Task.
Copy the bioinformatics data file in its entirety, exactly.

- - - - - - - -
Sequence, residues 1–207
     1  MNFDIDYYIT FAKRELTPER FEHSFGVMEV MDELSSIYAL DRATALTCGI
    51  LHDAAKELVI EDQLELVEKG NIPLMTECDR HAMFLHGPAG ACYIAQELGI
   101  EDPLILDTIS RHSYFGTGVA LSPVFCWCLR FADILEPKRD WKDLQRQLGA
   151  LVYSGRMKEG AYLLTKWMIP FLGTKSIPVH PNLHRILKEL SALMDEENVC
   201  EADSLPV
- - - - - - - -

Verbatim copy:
Sequence, residues 1–207
     1  MNFDIDYYIT FAKRELTPER FEHSFGVMEV MDELSSIYAL DRATALTCGI
    51  LHDAAKELVI EDQLELVEKG NIPLMTECDR HAMFLHGPAG ACYIAQELGI
   101  EDPLILDTIS RHSYFGTGVA LSPVFCWCLR FADILEPKRD WKDLQRQLGA
   151  LVYSGRMKEG AYLLTKWMIP FLGTKSIPVH PNLHRILKEL SALMDEENVC
   201  EADSLPV